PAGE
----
For decades, the Home Port restaurant in Menemsha has been the epitome of a traditional Yankee seaside restaurant, with its lobster dinners and stunning sunset views.

On Monday night, Chilmark voters will decide whether to set aside another Yankee tradition - frugality - and buy the Home Port from owners Will Holtham and Madeline Moore for $3.9 million.

The proposed purchase is the only article on the warrant for the special town meeting, which begins at 7:30 p.m. in the Chilmark Community Center. Moderator Everett Poole will preside over the session.

"There are plenty of good reasons for the town to buy the Home Port," declared a report released this week by a study committee appointed by the Chilmark selectmen. "The question is whether these reasons are worth $3.9 million. The voters, not this committee, must answer this question."

The $3.9 million price tag is $300,000 higher than a recent independent appraisal commissioned by the town. If it is approved, the purchase would effectively double the town's debt.

"If the town wants to create a public space in the heart of Menemsha, then the Home Port property is a good place for it," the study committee concluded. But the committee also said not enough time is available before the sale deadline of Nov. 30 to draft a definitive plan for the use of the property.

Possible uses of the property include converting it to a park; the sale of part of the property for a private home while preserving public access to Menemsha Pond; creation of a shellfish hatchery or fish processing plant; and leasing the property for continued use as a restaurant.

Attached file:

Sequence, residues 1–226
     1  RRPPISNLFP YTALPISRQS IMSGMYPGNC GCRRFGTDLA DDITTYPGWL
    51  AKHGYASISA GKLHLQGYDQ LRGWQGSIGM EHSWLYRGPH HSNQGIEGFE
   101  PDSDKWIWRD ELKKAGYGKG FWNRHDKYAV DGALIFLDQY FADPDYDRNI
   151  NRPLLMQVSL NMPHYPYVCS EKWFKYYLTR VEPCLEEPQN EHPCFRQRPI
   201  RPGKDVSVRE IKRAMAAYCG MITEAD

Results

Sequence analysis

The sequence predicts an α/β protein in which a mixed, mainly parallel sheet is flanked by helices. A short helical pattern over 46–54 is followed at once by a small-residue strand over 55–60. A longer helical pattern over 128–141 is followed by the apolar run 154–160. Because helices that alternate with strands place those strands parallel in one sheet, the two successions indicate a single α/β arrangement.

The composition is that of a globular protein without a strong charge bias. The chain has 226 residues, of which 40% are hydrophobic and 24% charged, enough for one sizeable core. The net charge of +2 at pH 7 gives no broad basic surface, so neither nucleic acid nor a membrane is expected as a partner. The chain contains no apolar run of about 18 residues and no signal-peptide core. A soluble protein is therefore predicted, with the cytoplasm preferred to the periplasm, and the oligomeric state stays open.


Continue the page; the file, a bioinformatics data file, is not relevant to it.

All of these topics are expected to be fodder for debate on the town meeting floor.

Proponents and opponents squared off on the issue at the Tuesday evening selectmen's meeting this week. The board itself is split on the issue, with selectman J.B. Riggs Parker favoring the purchase and Warren Doty opposing it. The third selectman, Frank Fenner, owns the Galley restaurant across the street and recused himself from the discussion.

"I think we will regret it if we do not acquire this property," Mr. Parker said. "There are many examples on this Island of pieces of land that got away."

Mr. Doty disagreed. "I think $3.9 [million] is too high," he countered. "I've personally spent a lot of time and effort as a selectman controlling the town finances. Since that's been one of my duties, it would be irresponsible for me to recommend buying an overpriced property."

Later that evening, the town finance committee voted unanimously to recommend the purchase, although not before a soul-searching debate.

Marshall Carroll, who owns Menemsha Texaco, described himself as solidly on the fence.

"If you're going to make the argument that it's for our kids and grandkids, you could take $4 million and do a lot of other things around town," Mr. Carroll said.

Committee member William Randol, who agreed with Mr. Doty that the parcel is overpriced, also complained about the "take it or leave it" situation presented by Mr. Holtham.

"I resent the fact that the owner has a gun to our head and we have to make a decision by Nov. 30," he said.

But Mr. Carroll said the town should not get hung up on the price.

"The question is: do we want to own it or not?" he said. "Do we want to add to our stock?"

Committee member Katie Upson questioned who the purchase would really benefit.

"If it is predominantly a summer-related-activity park, is that really a benefit to the Chilmark population, or the general public?" she said.